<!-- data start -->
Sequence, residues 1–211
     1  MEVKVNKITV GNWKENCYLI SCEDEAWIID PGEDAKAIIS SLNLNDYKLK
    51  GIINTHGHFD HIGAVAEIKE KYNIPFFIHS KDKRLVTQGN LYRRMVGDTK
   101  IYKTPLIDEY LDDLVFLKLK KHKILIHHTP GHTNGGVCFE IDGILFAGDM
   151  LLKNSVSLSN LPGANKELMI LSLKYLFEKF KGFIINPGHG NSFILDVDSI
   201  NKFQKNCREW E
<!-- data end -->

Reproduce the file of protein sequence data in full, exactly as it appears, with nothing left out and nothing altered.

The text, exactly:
Sequence, residues 1–211
     1  MEVKVNKITV GNWKENCYLI SCEDEAWIID PGEDAKAIIS SLNLNDYKLK
    51  GIINTHGHFD HIGAVAEIKE KYNIPFFIHS KDKRLVTQGN LYRRMVGDTK
   101  IYKTPLIDEY LDDLVFLKLK KHKILIHHTP GHTNGGVCFE IDGILFAGDM
   151  LLKNSVSLSN LPGANKELMI LSLKYLFEKF KGFIINPGHG NSFILDVDSI
   201  NKFQKNCREW E